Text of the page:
Mannheim
on 25 June – after Napoleon
Napoleon
had abdicated for the second time – and although there was light resistance around Mannheim, it was over by the time the vanguard had advanced as far as Landau. The greater portion of Tolly's army reached Paris
Paris
and its vicinity by the middle of July.[20][64] Treaty of Paris[edit]

All the participants of the War of the Seventh Coalition. Blue: The Coalition and their colonies and allies. Green: The First French Empire, its protectorates, colonies and allies.

Issy was the last field engagement of the Hundred Days. There was a campaign against fortresses still commanded by Bonapartist governors that ended with the capitulation of Longwy
Longwy
on 13 September 1815. The Treaty of Paris
Paris
was signed on 20 November 1815, bringing the Napoleonic Wars
Napoleonic Wars
to a formal end. Under the 1815 Paris
Paris
treaty, the previous year's Treaty of Paris
Paris
and the Final Act of the Congress of Vienna, of 9 June 1815, were confirmed. France
France
was reduced to its 1790 boundaries; it lost the territorial gains of the Revolutionary armies in 1790–92, which the previous Paris
Paris
treaty had allowed France
France
to keep. France
France
was now also ordered to pay 700 million francs in indemnities, in five yearly instalments,[c] and to maintain at its own expense a Coalition army of occupation of 150,000 soldiers[65] in the eastern border territories of France, from the English Channel
English Channel
to the border with Switzerland, for a maximum of five years.[d] The two-fold purpose of the military occupation was made clear by the convention annexed to the treaty, outlining the incremental terms by which France
France
would issue negotiable bonds covering the indemnity: in addition to safeguarding the neighbouring states from a revival of revolution in France, it guaranteed fulfilment of the treaty's financial clauses.[e] On the same day, in a separate document, Great Britain, Russia, Austria and Prussia renewed the Quadruple Alliance. The princes and free towns who were not signatories were invited to accede to its terms,[68] whereby the treaty became a part of the public law according to which Europe, with the exception of Ottoman Turkey,[f] established "relations from which a system of real and permanent balance of power in Europe is to be derived".[g] Timeline[edit] Further information: Diplomatic timeline for 1815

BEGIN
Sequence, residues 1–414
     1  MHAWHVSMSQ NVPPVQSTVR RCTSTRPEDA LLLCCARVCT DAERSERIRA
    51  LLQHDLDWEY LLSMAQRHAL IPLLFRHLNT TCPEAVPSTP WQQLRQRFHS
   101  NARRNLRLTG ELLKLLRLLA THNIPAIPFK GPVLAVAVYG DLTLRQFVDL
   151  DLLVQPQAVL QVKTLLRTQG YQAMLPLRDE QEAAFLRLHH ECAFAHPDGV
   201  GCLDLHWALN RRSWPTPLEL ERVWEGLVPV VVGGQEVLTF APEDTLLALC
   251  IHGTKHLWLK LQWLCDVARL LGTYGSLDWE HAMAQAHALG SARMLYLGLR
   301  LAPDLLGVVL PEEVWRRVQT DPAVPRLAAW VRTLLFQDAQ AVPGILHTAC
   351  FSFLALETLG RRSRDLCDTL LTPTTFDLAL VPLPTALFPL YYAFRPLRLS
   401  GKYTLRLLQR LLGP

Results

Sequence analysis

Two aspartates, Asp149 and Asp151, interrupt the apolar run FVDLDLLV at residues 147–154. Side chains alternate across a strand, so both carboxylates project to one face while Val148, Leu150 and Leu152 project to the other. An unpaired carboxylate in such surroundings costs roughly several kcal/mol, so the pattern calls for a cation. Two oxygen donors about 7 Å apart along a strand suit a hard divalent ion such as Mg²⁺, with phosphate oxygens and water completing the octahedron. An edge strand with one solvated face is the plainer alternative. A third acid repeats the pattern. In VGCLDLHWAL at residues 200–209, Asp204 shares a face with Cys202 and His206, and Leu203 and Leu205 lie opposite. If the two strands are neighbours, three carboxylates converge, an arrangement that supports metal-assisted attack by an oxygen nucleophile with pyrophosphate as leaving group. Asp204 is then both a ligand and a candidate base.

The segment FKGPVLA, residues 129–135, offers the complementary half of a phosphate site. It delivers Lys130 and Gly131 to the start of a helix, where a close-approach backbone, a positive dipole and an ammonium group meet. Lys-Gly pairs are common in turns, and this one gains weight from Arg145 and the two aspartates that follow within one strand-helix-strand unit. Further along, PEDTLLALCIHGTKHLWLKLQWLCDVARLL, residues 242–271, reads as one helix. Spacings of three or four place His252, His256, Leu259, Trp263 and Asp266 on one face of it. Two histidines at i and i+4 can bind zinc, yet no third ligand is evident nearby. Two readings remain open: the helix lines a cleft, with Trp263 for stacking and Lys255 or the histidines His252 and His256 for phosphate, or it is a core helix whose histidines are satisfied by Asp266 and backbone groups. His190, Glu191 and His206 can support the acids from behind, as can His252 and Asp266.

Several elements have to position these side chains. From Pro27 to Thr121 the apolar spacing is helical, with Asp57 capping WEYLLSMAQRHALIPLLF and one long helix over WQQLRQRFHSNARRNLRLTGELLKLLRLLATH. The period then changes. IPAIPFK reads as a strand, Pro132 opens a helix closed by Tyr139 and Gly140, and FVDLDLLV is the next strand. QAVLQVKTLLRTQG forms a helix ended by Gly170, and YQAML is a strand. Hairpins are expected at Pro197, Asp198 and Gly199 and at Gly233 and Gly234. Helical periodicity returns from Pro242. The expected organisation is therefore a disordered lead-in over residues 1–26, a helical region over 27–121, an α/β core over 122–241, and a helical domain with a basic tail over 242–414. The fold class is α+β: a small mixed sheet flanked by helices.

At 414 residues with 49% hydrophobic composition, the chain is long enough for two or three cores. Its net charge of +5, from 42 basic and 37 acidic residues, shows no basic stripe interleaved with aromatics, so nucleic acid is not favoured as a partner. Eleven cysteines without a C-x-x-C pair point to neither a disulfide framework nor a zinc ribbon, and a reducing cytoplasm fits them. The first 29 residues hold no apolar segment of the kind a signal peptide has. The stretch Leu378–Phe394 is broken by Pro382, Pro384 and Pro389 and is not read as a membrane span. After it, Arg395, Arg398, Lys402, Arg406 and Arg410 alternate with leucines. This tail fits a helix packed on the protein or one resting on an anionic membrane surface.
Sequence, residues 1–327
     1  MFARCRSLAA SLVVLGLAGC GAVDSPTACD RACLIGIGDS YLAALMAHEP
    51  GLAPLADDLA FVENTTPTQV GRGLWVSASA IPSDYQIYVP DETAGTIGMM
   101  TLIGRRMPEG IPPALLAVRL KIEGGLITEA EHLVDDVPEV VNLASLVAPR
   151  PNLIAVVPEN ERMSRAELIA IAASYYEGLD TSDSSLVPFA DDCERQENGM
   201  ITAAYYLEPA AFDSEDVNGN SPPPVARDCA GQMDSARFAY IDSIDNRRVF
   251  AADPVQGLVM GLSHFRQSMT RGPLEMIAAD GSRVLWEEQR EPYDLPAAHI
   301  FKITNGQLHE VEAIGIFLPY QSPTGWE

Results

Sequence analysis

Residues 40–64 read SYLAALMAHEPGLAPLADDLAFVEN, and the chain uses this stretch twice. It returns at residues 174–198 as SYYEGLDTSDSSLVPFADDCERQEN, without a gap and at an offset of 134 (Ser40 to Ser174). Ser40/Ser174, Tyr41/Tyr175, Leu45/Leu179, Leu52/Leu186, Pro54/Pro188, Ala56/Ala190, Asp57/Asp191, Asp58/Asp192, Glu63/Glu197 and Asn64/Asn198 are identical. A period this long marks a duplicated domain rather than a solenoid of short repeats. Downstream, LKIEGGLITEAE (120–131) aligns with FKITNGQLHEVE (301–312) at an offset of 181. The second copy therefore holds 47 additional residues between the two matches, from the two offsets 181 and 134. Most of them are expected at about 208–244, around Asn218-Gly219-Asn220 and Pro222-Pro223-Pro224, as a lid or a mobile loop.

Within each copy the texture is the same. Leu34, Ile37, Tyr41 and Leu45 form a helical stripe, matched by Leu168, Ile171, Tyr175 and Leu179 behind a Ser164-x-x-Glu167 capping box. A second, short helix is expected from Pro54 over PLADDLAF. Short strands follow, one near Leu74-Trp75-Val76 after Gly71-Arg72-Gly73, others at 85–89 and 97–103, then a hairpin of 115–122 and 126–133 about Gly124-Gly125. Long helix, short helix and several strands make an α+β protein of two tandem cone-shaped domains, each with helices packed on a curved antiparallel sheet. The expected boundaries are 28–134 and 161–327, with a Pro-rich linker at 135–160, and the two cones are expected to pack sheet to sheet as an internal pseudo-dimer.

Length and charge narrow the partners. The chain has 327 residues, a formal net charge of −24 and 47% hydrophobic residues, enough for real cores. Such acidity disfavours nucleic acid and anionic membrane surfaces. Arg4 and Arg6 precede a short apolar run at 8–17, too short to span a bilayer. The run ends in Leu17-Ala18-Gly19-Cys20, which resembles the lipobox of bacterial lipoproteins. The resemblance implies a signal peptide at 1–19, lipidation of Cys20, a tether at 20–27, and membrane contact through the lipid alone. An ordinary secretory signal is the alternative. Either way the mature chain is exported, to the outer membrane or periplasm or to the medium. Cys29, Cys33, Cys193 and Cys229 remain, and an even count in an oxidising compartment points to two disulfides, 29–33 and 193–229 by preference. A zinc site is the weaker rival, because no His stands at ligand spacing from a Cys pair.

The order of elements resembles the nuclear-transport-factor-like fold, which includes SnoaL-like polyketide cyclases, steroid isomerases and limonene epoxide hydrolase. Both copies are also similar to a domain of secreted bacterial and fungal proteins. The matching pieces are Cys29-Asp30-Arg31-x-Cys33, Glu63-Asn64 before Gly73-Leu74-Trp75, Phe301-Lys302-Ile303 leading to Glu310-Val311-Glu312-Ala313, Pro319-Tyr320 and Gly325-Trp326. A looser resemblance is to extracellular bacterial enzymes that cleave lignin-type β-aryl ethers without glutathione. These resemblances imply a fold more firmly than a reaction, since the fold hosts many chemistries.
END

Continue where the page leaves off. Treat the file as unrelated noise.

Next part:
Diplomatic timeline for 1815
and Timeline of the Napoleonic era

Dates Synopsis of key events

26 February Napoleon
Napoleon
slipped away from Elba.

1 March Napoleon
Napoleon
landed near Antibes.

13 March The powers at the Congress of Vienna
Congress of Vienna
declared Napoleon
Napoleon
an outlaw.

14 March Marshal Ney, who had said that Napoleon
Napoleon
ought to be brought to Paris in an iron cage, joined him with 6,000 men.

15 March After he had received word of Napoleon's escape, Joachim Murat, Napoleon's brother-in-law and the King of Naples, declared war on Austria in a bid to save his crown.

19 March Louis XVIII
Louis XVIII
fled Paris.[3]

20 March Napoleon
Napoleon
entered Paris
Paris
– The start of the One Hundred Days.

25 March The United Kingdom, Russia, Austria and Prussia, members of the Seventh Coalition, bound themselves to put 150,000 men each into the field to end Napoleon's rule.

9 April The high point for the Neapolitans as Murat attempted to force a crossing of the River Po. However, he is defeated at the Battle of Occhiobello and for the remainder of the war, the Neapolitans would be in full retreat.

3 May General Bianchi's Austrian I Corps decisively defeated Murat at the Battle of Tolentino.

20 May The Neapolitans signed the Treaty of Casalanza with the Austrians after Murat had fled to Corsica and his generals had sued for peace.

23 May Ferdinand IV was restored to the Neapolitan throne.

15 June French Army of the North crossed the frontier into the United Netherlands (in modern-day Belgium).

16 June Napoleon
Napoleon
I beat Field Marshal
Field Marshal
Blücher at the Battle of Ligny. Simultaneously Marshal Ney
Marshal Ney
and The Duke of Wellington
Duke of Wellington
fought the Battle of Quatre Bras
Battle of Quatre Bras
at the end of which there was no clear victor.

18 June After the close, hard-fought Battle of Waterloo, the combined armies of Wellington and Blücher decisively defeated Napoleon
Napoleon
I's French Army of the North. The concurrent Battle of Wavre